The Difference Between Meaning and Application

If we go back to our illustration in the beginning what we may discover in that small group bible study is that the various individuals offering their take on a given passage are not necessarily offering different meanings of a text, but offering a variety of applications derived from the one meaning. When someone says something like, “I can read the same passage several times in my life and gather different meanings for it,” I argue they are not deriving a different meaning but are gleaning a different application from the one meaning the author intended. Application is how a particular verse’s meaning can be applied to a variety of circumstances or situations in one’s life. Another way to put it is that the meaning of a text answers what the scripture meant to the original author then; application answers the question of how that meaning understood then applies to my life now. The danger comes when we try to apply a text before understanding the meaning of a text. Failing to discover the meaning first will inevitably lead to misapplication.

A Case Study

Let me close by offering a simple example from the New Testament. In Matthew 18:20 we read this popular verse: “For where two or three are gathered in my name, there am I among them.” Growing up I always heard people interpret this text to mean that Jesus’ presence is with those who come together to worship the lord; usually when there was low church attendance! Now this idea is not wrong in and of itself. It is true that when the church gathers Jesus is with us; no matter how few are there. However, it is also true that Jesus is with us even when we are alone! This idea is true but is it what Matthew meant when he wrote it? This is where good exegesis is needed.

When you read the verse in its broader context you discover that this verse is in the context of church discipline. Backing up to verse 15 we see that Jesus is offering steps for those who persist in sin. If one sins they are to be confronted privately. If they do not repent 2-3 witnesses are to be brought into the situation. If repentance is still refused then the individual is to be brought before the entire assembly (church). Then Jesus closes his teaching by saying that when this procedure is done Jesus gives his approval of it (verses 18-20). Thus, the meaning of where two or three are gathered is not about church worship but about the agreement the church has in expelling an immoral brother from the community! Oh what a difference in meaning this is! Thus, Matthew 18:20 cannot mean both—Jesus is with us when we gather to worship AND Jesus offers his approval of expelling an immoral brother. It must be one or the other. Matthew meant one thing, and discovering it is the job of the interpreter.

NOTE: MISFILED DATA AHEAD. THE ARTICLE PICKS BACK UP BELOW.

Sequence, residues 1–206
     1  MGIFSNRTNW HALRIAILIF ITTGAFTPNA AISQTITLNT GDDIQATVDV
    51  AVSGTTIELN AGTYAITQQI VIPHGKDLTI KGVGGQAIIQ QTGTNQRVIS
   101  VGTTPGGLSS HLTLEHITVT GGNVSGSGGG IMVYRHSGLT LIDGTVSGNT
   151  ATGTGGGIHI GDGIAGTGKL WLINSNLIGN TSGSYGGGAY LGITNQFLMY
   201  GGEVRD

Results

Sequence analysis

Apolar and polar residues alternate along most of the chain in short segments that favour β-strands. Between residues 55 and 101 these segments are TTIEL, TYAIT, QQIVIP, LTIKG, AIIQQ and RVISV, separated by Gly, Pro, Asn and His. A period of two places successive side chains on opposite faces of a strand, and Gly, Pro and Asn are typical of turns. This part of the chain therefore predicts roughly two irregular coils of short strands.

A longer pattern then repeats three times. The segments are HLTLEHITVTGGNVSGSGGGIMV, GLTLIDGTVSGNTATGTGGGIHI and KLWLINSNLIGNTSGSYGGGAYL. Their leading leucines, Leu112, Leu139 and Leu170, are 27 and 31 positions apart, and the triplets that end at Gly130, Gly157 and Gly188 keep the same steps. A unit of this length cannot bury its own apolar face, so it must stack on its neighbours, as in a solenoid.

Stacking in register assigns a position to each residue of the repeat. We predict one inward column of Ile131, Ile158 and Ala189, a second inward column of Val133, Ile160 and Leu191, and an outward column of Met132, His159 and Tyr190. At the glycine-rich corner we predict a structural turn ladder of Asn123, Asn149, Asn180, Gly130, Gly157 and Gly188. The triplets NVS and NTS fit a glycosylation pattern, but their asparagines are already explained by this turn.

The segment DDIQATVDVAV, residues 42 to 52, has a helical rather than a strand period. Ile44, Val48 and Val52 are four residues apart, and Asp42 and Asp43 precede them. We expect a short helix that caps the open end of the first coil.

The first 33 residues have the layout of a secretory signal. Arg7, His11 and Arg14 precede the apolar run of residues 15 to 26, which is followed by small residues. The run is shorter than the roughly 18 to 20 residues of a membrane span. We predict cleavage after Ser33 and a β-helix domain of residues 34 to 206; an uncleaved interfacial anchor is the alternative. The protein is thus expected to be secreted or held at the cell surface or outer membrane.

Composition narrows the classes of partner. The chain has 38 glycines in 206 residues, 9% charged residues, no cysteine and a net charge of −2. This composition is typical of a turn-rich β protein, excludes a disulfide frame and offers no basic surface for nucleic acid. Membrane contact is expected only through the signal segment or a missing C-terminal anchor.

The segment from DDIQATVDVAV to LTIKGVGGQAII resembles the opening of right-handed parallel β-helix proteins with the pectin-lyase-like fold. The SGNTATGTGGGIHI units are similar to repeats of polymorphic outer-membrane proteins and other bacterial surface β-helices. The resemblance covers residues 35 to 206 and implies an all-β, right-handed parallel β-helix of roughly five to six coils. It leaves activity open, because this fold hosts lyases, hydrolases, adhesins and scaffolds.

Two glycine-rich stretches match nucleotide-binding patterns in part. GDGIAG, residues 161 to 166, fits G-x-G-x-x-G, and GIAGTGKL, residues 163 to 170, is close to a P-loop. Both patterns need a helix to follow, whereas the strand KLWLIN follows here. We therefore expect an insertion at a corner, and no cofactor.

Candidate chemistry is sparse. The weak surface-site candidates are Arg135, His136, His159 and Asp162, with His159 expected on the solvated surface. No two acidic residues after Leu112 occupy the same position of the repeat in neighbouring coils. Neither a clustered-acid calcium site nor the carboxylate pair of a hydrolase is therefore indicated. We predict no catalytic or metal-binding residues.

If the Righteous will scarcely be saved where does that leave me?

Beloved, do not be surprised at the fiery trial when it comes upon you to test you, as though something strange were happening to you. But rejoice insofar as you share Christ’s sufferings, that you may also rejoice and be glad when his glory is revealed. If you are insulted for the name of Christ, you are blessed, because the Spirit of glory and of God rests upon you. But let none of you suffer as a murderer or a thief or an evildoer or as a meddler. Yet if anyone suffers as a Christian, let him not be ashamed, but let him glorify God in that name. For it is time for judgment to begin at the household of God; and if it begins with us, what will be the outcome for those who do not obey the gospel of God? And

“If the righteous is scarcely saved,

    what will become of the ungodly and the sinner?”

Therefore let those who suffer according to God’s will entrust their souls to a faithful Creator while doing good.(1 Peter 4:12-19)

I received this thoughtful question concerning the text quoted above this week, particularly verse 18. The following is the question followed by my response. 

Question

Could you please help me understand why the bible says the righteous shall scaresely make it in to heaven in  1 Pet. 4:18?

If people like my grandfather whom dedicated his whole life walking with the Lord, spreading his word, faithfully praying on his knees every night ….if he will scarcely make it in…where does that leave me? I’m no where near being righteous.

Answer

This is a really great question, here’s my understanding of the passage:

First, as always, note the context of the verse. In 1 Peter 4:12 and following Peter is addressing the issue of suffering for the Christian, “do not be surprised at the fiery trial …” This entire section is dealing with Christians being persecuted for the sake of Christ. They are being insulted verbally (verse 14) and possibly physically (verse 15). Thus, verses 12-16 have everything to do with a Christian’s endurance through suffering. The question is what good comes through suffering? Peter says in verse 16 that those who suffer should “not be ashamed” but “glorify God!” So, whatever Peter is trying to communicate in this passage it CANNOT BE SOMETHING THAT WOULD DISCOURAGE THEM OR MAKE THEM QUESTION THEIR SALVATION. EVERYTHING HE IS SAYING IS TO ENCOURAGE THE CHRISTIAN.